Objective: To comprehensively assess whether neopterin in urine could be a candidate biomarker for determining the neuroinflammatory status in ALS. Methods: We performed an observational, cross-sectional study in 81 pALS, 68 age- and sex-comparable healthy controls (HC), 14 patients affected by MS and 24 OND patients. ALS patients underwent a neurological evaluation to assess the global functional status evaluated by Amyotrophic Lateral Sclerosis Functional Rating Scale—Revised (ALSFRS-R) and the disease progression rate. Urinary neopterin concentrations were determined by high-performance liquid chromatography method and were recorded at the time of first examination to assess their effect on disease severity and survival. Results: Urinary neopterin was significantly higher in pALS (263.90 [198.71–474.90]) compared to MS (155.28 [131.74–190.38], p = <.001), OND patients (205.60 [158.96–299.41], p = 0.04) and HC (169.55 [134.91–226.10], p <.001). Moreover, a significant negative correlation was found between neopterin level and the severity of symptoms evaluated by ALSFRS-R total score (r = − 0.46, p <.001) and its subscores (bulbar r = − 0.34, p = 0.002; motor r = − 0.33, p = 0.003; respiratory r = − 0.53, p <.001), also adjusting for the effect of sex, site of onset, age at evaluation and time from onset to evaluation. Conclusions: Our finding indicates that urine neopterin is elevated in ALS, emphasizing the role of the cell-mediated inflammation in the disease. Moreover, whether confirmed in further studies, our results will underline the neopterin’s potential use as non-invasive clinical biomarker of ALS, to discriminate patients possibly candidates to clinical interventions aimed to interfere the neuroinflammatory processes.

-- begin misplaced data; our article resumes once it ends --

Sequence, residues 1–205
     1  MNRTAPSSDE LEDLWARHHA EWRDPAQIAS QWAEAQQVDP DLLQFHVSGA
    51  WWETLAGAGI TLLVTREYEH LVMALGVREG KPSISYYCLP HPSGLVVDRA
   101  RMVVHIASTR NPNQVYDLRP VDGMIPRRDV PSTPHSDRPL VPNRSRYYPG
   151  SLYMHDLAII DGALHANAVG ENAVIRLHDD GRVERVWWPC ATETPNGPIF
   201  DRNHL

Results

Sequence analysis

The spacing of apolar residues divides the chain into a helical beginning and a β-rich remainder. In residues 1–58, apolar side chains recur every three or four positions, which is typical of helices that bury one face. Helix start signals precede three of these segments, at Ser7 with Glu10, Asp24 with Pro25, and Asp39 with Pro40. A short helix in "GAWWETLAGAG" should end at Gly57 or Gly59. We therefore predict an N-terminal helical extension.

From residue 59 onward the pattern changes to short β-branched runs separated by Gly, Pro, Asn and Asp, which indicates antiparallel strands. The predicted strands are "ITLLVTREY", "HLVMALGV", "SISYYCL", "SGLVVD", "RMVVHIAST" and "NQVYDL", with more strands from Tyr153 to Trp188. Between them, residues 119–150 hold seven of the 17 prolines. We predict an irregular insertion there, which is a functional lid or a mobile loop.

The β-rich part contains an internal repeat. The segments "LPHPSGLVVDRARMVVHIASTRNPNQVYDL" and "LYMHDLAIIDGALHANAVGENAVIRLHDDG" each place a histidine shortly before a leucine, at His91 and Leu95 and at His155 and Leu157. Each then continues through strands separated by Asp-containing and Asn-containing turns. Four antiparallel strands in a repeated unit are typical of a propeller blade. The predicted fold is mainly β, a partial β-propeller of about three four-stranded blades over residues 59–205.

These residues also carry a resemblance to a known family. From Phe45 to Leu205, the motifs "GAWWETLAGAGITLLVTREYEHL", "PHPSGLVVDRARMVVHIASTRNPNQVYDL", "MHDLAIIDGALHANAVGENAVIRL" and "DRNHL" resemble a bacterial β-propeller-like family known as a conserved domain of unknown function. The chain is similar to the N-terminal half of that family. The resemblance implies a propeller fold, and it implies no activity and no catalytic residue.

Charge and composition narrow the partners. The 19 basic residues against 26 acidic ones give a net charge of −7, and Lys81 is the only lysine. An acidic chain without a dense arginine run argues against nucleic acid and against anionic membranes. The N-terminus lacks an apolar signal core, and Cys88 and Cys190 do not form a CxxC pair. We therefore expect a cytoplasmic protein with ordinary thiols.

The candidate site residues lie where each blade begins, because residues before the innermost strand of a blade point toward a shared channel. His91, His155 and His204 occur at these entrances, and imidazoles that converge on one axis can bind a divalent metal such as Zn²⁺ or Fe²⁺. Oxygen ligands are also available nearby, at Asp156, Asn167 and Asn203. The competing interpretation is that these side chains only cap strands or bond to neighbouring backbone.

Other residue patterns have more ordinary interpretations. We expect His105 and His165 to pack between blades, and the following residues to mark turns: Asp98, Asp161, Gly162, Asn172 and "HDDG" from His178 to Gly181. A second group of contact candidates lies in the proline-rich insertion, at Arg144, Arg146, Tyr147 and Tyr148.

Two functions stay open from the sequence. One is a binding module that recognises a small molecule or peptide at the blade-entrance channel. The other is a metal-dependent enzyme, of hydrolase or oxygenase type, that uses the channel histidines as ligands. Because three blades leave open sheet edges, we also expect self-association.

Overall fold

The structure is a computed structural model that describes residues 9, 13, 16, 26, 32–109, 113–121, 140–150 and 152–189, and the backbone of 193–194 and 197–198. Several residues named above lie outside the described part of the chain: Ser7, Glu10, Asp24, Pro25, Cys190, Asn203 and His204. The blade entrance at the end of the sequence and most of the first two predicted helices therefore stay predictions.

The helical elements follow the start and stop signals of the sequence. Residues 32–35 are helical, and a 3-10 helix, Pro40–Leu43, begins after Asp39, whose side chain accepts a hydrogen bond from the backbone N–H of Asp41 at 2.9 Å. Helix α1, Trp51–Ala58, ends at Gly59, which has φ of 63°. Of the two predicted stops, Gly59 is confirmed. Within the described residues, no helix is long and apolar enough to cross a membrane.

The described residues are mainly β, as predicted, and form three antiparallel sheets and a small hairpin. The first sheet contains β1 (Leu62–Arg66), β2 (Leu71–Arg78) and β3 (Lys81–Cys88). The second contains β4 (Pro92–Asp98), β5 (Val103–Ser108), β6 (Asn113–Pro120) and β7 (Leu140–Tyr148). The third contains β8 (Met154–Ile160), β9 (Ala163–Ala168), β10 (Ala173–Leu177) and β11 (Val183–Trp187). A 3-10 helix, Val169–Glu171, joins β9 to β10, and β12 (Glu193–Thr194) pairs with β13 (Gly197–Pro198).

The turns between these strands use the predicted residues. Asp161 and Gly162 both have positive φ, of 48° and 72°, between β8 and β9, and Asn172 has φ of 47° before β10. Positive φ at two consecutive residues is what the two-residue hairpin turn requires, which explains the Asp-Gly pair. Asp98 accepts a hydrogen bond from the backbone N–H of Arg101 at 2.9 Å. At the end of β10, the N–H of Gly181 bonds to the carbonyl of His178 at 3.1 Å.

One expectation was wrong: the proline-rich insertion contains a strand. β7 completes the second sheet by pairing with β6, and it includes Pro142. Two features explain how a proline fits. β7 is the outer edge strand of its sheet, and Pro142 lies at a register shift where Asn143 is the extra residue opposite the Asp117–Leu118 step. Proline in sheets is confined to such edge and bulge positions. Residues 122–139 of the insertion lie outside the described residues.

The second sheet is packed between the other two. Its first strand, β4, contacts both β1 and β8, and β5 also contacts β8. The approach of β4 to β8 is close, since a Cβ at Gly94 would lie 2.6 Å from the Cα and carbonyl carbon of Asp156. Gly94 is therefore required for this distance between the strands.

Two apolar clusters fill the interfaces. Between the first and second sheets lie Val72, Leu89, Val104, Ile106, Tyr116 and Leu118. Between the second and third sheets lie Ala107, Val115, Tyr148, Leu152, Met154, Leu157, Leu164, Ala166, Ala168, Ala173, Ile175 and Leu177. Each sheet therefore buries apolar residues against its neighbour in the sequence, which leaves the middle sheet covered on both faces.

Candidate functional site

- Amyotrophic lateral sclerosis
ASJC Scopus subject areas
- Clinical Neurology